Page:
Flash forward to my appointment. I was so ashamed. It’s funny because I talk about mental health advocacy a lot. I preach to the masses about sharing their mental health, but ultimately, I’m a hypocrite. I had to walk all the way across campus to a different residence building. I didn’t really tell anyone I was going. I felt horribly alone. I remember sitting in that office with a small lady with blonde hair pulled into a low ponytail and I tried my best to spill my heart out to her. But I couldn’t. I cried, yeah. But I said I was stressed and didn’t know what to do. I didn’t talk about the days where I woke up so frightened I didn’t want to get out of bed. I didn’t talk about the times I just sat paralyzed and frozen because I was just so panicked I couldn’t move. I didn’t talk about any of that. I just kept saying I didn’t know how I was going to do all my school work in time, and that I wanted to do well.

She smiled at me sympathetically and pulled out a little whiteboard. She told me that everyone gets stressed, and we need to stop “worrying about what’s coming next” and live in the present. She told me to meditate. And to tell myself, “nope!” when I started to worry about the future.

I was frustrated. If it were that easy, I would have done that by now, I thought to myself. But it was partially my fault because I didn’t tell her nearly enough about how I was feeling. So I left. And I didn’t go back. We didn’t click, I didn’t feel comfortable, so I just walked out the door and never came back.

From then on, I tried to manage everything on my own. Which was a mistake. I ate gallons of ice cream and called it “self-care”. I would lie in bed and do nothing for hours because I was “taking time for myself”. Ultimately, I procrastinated everything until I had barely enough time to scramble it all together. I lived my life like I was just trying to make it. I was on the ground crawling and grabbing at nothing with my fingernails. I constantly asked myself, “what is wrong with me? Why can’t I motivate myself to do anything?”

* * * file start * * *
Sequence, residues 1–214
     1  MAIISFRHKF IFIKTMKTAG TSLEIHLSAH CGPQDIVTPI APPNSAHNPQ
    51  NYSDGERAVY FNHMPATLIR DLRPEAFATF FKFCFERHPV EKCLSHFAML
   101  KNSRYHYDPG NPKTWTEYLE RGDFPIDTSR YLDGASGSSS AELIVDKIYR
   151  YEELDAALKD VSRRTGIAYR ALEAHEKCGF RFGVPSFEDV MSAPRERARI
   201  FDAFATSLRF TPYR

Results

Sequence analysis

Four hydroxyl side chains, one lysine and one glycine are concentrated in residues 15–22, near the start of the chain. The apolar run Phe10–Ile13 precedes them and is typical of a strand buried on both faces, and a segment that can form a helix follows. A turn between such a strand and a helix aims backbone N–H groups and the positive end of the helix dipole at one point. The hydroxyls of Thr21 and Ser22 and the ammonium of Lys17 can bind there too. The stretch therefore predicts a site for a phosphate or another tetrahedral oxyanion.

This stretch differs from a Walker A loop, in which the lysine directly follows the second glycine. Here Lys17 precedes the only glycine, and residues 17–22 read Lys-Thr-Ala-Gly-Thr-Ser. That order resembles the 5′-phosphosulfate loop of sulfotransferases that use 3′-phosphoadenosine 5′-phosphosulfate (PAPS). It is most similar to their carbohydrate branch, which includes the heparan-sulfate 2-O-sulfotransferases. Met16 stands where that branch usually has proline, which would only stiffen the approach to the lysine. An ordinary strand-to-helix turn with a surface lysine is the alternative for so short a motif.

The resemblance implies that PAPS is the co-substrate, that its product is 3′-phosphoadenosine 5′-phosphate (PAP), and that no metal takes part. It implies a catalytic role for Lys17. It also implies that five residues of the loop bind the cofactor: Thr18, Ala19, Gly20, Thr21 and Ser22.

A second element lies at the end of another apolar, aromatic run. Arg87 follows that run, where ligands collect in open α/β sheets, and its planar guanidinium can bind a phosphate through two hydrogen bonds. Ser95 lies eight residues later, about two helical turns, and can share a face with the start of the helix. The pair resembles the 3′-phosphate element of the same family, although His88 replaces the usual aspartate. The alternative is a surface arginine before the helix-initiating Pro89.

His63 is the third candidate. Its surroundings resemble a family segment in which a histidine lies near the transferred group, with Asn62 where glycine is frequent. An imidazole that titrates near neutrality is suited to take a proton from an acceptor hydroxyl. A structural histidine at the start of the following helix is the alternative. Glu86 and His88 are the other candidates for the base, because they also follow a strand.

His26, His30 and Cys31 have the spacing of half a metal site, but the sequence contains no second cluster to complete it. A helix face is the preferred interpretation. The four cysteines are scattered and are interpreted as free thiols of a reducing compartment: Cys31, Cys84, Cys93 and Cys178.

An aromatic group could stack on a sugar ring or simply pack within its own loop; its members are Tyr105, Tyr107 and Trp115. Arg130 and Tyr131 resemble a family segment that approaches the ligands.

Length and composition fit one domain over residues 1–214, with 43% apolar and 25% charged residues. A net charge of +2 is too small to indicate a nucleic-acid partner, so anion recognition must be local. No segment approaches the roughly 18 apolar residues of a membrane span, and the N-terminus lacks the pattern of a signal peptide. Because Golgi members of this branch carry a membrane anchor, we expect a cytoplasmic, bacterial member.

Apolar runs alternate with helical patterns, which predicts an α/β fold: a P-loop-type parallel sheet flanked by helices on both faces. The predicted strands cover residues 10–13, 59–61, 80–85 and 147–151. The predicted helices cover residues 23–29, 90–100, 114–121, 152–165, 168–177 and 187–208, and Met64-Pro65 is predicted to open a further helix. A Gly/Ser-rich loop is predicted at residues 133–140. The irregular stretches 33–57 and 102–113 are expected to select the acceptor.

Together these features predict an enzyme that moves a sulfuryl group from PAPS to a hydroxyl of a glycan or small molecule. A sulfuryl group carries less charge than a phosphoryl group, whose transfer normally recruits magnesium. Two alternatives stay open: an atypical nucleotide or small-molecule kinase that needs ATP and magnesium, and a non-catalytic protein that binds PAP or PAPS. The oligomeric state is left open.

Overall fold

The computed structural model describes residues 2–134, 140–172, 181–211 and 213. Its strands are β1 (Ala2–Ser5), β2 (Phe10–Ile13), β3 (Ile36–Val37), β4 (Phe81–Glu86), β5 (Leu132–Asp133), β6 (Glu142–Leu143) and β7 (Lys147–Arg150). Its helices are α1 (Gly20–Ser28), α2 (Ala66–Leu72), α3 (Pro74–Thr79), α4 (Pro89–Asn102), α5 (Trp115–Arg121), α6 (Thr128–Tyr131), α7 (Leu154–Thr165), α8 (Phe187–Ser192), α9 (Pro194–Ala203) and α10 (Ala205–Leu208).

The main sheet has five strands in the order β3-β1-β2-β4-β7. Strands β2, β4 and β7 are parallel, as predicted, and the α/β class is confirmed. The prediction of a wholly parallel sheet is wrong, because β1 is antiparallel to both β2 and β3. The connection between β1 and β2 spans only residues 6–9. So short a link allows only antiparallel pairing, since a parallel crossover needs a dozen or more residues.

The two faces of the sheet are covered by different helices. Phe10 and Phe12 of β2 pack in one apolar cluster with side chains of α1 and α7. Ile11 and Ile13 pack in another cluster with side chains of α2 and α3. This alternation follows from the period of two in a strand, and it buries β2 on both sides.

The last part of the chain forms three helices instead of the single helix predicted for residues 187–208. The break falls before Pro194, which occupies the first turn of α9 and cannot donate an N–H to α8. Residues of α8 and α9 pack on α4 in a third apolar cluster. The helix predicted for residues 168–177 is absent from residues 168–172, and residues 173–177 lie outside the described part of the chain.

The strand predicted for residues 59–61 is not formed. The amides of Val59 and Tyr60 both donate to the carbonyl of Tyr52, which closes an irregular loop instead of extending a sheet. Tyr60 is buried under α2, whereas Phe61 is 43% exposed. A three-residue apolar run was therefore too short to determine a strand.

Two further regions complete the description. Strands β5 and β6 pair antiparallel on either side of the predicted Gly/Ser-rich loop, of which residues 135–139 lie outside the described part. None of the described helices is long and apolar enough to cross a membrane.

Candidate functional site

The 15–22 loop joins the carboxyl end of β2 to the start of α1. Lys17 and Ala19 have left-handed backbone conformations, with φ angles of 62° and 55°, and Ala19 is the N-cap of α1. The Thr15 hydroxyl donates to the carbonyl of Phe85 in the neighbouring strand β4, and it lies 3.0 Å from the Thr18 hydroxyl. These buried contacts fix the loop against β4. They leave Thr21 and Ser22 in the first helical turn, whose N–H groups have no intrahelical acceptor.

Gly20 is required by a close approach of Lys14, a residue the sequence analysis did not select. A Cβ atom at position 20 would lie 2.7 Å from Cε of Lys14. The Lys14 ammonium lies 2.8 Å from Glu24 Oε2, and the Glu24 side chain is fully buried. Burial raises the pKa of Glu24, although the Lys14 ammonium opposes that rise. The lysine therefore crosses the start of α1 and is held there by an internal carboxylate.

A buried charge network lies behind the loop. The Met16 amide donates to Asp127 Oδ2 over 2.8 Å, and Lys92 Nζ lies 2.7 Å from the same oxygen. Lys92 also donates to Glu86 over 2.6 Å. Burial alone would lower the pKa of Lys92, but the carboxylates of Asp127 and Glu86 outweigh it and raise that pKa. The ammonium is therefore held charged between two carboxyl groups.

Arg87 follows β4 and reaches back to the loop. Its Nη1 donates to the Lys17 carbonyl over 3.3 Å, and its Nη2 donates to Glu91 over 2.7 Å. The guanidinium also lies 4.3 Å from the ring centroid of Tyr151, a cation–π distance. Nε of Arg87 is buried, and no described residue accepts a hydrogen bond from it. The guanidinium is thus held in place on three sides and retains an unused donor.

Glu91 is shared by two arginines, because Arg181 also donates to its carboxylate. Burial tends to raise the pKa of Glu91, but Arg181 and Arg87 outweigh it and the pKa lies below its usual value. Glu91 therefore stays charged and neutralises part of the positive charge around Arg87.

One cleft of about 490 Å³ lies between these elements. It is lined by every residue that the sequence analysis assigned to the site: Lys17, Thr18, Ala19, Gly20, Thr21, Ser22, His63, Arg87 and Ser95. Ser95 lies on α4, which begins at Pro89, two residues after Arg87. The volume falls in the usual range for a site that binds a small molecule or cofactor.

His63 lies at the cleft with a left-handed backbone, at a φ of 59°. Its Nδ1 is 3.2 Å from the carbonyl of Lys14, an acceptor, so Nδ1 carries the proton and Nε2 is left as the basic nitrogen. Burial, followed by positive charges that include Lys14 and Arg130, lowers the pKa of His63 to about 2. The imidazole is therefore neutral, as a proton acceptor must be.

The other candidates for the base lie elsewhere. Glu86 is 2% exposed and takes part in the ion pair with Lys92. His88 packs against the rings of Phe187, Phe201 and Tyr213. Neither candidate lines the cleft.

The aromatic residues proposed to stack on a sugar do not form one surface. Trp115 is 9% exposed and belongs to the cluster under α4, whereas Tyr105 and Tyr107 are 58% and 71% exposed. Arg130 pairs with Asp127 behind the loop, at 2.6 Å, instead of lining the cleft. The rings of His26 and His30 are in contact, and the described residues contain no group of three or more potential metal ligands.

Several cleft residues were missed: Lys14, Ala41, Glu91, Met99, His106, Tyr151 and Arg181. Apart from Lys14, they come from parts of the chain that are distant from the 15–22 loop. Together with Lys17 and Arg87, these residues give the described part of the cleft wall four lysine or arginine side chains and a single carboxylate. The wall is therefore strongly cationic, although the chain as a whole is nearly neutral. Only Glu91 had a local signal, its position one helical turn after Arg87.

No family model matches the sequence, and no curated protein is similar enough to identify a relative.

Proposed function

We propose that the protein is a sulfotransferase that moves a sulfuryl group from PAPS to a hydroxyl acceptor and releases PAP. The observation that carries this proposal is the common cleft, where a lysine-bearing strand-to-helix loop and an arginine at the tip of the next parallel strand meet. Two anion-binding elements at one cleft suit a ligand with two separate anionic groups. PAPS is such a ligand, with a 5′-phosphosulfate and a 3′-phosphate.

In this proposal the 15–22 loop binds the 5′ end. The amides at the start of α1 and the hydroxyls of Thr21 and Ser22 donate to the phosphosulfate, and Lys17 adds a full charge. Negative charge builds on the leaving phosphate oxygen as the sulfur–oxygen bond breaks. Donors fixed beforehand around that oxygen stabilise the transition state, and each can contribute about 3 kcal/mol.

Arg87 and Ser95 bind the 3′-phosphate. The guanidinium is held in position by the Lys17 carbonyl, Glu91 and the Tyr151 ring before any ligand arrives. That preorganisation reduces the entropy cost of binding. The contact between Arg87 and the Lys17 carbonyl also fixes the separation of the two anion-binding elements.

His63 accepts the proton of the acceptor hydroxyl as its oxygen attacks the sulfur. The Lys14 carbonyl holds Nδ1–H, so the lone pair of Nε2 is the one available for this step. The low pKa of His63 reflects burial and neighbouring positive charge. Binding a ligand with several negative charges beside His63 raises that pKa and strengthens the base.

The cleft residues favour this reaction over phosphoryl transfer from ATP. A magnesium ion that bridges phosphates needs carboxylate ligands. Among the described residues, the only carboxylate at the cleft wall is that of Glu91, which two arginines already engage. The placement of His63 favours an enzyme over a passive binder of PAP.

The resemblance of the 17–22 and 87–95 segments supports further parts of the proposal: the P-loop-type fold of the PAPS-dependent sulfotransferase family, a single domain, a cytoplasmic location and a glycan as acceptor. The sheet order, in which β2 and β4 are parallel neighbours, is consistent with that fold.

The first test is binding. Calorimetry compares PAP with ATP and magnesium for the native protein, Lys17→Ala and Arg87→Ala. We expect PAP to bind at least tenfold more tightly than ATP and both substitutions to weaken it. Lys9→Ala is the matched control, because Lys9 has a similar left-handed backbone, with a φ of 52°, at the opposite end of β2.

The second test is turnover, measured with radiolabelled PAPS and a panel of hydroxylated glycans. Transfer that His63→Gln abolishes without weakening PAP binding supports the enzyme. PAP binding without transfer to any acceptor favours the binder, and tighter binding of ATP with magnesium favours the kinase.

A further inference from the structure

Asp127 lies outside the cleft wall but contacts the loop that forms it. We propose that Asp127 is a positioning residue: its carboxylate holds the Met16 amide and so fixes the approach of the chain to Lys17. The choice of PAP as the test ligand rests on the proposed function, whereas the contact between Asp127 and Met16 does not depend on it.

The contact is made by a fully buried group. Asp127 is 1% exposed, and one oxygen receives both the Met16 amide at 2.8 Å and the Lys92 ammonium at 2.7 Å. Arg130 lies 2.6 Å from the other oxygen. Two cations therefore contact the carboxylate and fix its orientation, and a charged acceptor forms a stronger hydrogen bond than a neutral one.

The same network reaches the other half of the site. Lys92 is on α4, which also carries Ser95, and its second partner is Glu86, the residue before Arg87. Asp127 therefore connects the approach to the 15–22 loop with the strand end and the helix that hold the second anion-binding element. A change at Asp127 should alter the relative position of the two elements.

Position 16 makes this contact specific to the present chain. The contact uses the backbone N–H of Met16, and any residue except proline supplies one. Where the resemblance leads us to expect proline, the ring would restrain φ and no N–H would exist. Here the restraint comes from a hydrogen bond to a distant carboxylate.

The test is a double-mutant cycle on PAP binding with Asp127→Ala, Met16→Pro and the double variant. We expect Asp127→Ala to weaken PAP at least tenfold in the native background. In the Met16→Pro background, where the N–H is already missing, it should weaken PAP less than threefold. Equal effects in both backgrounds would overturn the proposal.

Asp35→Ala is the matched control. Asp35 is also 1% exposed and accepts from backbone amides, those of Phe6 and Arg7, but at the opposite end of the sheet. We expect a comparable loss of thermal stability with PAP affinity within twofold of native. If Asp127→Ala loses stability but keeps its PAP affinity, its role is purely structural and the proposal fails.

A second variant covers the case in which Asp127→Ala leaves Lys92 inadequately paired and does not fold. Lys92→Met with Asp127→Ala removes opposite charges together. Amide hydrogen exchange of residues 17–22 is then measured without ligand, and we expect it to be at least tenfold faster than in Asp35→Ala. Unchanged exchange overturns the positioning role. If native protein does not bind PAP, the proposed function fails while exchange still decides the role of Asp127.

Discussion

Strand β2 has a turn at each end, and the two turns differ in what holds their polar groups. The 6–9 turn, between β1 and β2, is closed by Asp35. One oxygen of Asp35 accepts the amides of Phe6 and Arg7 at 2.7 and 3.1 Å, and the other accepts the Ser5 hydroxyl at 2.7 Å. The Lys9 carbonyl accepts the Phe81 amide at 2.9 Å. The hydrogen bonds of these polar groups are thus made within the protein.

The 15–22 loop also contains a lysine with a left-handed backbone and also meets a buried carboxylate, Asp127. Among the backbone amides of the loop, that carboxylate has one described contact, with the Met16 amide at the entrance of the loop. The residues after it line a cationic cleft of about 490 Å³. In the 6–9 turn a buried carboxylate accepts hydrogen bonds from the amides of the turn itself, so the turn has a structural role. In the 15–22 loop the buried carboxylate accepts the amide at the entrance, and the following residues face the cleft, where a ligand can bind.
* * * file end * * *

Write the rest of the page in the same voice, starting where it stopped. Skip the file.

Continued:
But I didn’t tell anyone.

I just quietly kept it all to myself. I smiled at people every day like I was okay, and that it didn’t take me hours to fall asleep the night before. Sometimes I told my friends when I was having a bad day but not nearly enough for them to know how I was really doing. I felt isolated and alone.

In March, I finally had enough. I confessed to one of my friends how I’d been feeling, and she listened to me. I didn’t realize how much someone validating me meant. It felt like a weight had been lifted off my chest. She held my hand and helped me book a doctor’s appointment and I felt like maybe my life was looking up for the first time this year.